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My son and family came over for dinner last night and their dog, Bang and Bobby played in the back yard together. They are close to the same weight but Bobby is a bit taller. Bang is 6 year old mix and plays and runs initially but Bobby, being the young poodle that he is, wants to play endlessly. We all watch them carefully and I would say there there is nothing terribly concerning. Bang would have moments of chasing and fun but just when it gets fun for Bobby, Bang is done. Bobby, is a pesky poodle though. After the racing and around and playing, Bang wants to be done and do his own thing, which last night, was “hunting” chipmunks and Bobby is just the “energizer” poodle and wants to keep going and going. While it wasn’t constant, I felt Bobby was often annoying, jumping forward and back to entice a game, a light nip and jump back cause Bang wouldn’t run and chase. Bang pretty much ignored him and other than the peskiness, we saw nothing concerning but I do know peskiness is not polite dog behavior. I thought we should put Bobby in the house but my son felt they were ok and wasn’t concerned and that Bang can hold his own. Bang barked once and Bobby backed off. I have no problem with a dog telling Bobby to back off. 😉
Bobby is used to doggy daycare and he does great there so he is able to read and respond well to other dogs. I wonder if it’s their familiarity that Bobby acts like this more than with other dogs. So after my long winded description my question is this: Should I just put Bobby in the house or just let them be, as all all, they seem to be doing ok. Obviously, if things escalated they would be separated. I just feel bad for the peskiness. I know I can and probably should do more directly with him during these visits but I don’t get to see my son and family that often so I don’t want the focus to be on the dogs. I would like to visit my family rather than continually train, not to mention grandma has dinner duties too. We do keep a careful eye on them and let them know when they really need to back off. My son definitely keeps a careful eye on his dog. Anyway, in this particular instance I’d rather just separate them if really needed. Bang ignores well and they do play and take breaks, it’s just Bobby can be relentless. And honestly, when all is done, they are both happy and tired dogs. Appreciate any insights. Thanks!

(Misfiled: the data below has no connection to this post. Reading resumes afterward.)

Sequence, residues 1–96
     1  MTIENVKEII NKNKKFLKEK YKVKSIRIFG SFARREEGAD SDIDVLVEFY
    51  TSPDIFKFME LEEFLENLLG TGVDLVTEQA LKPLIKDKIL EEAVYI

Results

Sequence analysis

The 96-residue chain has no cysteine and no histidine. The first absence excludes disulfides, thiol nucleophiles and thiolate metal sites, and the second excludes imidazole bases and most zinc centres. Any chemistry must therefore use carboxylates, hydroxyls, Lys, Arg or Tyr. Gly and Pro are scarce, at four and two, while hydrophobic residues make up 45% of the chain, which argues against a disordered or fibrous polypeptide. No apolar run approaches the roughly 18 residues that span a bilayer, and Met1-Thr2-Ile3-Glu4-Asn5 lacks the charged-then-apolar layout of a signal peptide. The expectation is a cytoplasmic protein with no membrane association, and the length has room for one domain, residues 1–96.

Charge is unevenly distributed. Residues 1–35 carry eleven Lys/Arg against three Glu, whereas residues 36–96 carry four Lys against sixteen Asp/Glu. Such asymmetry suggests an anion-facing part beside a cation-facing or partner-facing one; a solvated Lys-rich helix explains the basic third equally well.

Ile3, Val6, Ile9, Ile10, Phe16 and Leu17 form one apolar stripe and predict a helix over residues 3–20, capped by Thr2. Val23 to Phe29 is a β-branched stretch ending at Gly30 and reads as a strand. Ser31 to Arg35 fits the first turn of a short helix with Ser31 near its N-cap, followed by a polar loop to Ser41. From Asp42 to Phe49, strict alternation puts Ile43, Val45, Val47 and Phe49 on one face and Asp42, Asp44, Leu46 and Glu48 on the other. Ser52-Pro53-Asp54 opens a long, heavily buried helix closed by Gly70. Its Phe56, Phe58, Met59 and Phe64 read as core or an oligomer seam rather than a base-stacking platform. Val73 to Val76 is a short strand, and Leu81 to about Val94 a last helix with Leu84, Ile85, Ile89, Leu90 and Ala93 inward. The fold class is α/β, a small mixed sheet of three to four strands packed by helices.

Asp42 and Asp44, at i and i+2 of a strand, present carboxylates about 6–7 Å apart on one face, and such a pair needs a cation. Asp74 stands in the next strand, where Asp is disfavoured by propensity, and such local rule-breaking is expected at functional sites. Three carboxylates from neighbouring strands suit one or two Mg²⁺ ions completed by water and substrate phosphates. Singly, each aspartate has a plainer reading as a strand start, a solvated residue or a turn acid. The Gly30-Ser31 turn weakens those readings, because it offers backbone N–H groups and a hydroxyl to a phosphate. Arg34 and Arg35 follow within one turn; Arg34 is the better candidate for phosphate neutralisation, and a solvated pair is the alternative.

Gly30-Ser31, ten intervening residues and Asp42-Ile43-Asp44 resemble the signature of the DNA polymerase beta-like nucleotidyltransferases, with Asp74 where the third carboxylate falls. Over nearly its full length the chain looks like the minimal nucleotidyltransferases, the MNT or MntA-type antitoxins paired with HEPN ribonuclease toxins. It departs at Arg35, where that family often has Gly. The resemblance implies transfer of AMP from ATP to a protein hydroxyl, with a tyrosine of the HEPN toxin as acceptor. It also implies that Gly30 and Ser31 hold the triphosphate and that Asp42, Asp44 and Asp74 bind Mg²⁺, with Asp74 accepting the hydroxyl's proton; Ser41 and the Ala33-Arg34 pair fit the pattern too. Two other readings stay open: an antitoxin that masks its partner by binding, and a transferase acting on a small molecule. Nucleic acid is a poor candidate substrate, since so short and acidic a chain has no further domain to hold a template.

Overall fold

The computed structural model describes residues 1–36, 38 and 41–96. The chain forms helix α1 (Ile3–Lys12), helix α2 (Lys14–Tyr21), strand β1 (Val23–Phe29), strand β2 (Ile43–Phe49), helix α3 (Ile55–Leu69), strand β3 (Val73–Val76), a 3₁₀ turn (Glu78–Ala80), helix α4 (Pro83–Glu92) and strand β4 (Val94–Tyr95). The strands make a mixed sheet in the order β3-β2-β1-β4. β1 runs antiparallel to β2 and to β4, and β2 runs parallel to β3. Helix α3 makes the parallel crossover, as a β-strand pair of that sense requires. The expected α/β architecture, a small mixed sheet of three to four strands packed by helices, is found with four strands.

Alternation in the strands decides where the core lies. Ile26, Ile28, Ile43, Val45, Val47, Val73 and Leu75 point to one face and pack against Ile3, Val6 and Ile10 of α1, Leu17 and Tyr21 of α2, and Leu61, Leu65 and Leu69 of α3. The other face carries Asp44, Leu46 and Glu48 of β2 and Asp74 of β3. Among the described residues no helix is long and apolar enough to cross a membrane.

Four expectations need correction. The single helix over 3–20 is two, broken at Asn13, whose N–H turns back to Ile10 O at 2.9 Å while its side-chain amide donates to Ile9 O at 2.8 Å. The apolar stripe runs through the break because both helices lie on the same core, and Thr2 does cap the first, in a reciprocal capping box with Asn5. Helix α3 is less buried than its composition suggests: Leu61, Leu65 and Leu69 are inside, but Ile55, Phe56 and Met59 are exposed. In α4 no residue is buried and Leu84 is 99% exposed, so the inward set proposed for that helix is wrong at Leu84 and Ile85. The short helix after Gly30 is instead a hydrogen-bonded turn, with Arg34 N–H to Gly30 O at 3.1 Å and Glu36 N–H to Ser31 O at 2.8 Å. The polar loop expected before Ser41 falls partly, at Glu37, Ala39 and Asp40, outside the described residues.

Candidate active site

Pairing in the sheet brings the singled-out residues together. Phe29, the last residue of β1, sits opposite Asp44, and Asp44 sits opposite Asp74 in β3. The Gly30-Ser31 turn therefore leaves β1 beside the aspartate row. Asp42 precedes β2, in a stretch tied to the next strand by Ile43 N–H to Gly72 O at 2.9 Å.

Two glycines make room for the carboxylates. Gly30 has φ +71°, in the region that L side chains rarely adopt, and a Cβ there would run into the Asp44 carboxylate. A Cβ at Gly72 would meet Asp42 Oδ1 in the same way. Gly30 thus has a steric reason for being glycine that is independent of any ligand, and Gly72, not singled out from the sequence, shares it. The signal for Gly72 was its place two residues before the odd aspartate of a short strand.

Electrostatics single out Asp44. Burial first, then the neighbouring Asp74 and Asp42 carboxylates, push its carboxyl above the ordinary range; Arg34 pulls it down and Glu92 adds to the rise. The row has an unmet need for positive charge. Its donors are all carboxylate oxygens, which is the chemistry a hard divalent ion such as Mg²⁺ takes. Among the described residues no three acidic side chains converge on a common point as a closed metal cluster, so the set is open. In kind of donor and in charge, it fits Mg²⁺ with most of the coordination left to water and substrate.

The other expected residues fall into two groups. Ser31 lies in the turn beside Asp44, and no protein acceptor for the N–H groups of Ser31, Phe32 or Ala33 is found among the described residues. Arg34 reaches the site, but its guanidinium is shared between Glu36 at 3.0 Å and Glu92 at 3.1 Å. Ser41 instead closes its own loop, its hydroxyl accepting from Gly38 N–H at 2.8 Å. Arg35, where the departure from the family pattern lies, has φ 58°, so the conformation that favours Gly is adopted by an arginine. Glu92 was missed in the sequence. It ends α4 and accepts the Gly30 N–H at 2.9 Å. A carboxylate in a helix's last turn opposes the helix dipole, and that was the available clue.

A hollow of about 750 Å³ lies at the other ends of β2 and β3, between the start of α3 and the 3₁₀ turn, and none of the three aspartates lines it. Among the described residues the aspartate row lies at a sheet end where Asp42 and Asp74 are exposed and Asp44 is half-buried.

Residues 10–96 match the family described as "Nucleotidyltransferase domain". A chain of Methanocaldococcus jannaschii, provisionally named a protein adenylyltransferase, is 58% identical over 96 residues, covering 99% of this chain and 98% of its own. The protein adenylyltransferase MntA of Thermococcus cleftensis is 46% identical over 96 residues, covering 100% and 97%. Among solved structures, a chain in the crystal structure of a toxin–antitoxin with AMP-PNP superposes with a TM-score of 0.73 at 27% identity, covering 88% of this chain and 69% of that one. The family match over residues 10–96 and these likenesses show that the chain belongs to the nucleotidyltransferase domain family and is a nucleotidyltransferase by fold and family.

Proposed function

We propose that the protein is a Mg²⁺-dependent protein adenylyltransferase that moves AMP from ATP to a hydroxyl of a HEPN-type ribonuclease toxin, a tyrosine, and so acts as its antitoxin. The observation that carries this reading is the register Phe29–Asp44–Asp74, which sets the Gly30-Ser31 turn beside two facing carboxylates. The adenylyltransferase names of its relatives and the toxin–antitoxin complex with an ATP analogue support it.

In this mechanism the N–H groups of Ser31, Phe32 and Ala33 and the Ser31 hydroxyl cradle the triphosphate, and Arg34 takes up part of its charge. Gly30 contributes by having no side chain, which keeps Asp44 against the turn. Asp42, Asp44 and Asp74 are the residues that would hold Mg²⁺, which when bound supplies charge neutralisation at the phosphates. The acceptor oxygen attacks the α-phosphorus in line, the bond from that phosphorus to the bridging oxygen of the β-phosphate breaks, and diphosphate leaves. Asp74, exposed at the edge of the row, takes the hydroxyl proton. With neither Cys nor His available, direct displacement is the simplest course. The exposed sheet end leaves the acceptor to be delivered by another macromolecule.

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Poodles can be a handful, for sure. It sounds like it's a good idea to give Bang a break, and either redirect Bobby toward another game or ask him to settle somewhere to calm down. I had a male who would get overstimulated playing with certain dogs. It was never over the top, and no one ever minded, but I knew better and I could see that he was over threshold. Depending on the situation, I would take him for a calm sniff walk, send him to his crate for a power nap, or give him a bully stick to chew in a fenced-off area. The idea was to separate him from the other dog and redirect his energy. Go with your gut, and give Bang a break.